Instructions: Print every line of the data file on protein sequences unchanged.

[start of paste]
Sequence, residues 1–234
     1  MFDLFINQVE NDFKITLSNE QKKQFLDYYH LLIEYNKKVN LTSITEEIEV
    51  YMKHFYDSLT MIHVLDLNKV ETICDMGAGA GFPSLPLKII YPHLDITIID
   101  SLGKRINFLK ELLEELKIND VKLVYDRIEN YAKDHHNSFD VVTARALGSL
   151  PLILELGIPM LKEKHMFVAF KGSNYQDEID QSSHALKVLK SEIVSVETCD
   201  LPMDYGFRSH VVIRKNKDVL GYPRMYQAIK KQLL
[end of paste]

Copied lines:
Sequence, residues 1–234
     1  MFDLFINQVE NDFKITLSNE QKKQFLDYYH LLIEYNKKVN LTSITEEIEV
    51  YMKHFYDSLT MIHVLDLNKV ETICDMGAGA GFPSLPLKII YPHLDITIID
   101  SLGKRINFLK ELLEELKIND VKLVYDRIEN YAKDHHNSFD VVTARALGSL
   151  PLILELGIPM LKEKHMFVAF KGSNYQDEID QSSHALKVLK SEIVSVETCD
   201  LPMDYGFRSH VVIRKNKDVL GYPRMYQAIK KQLL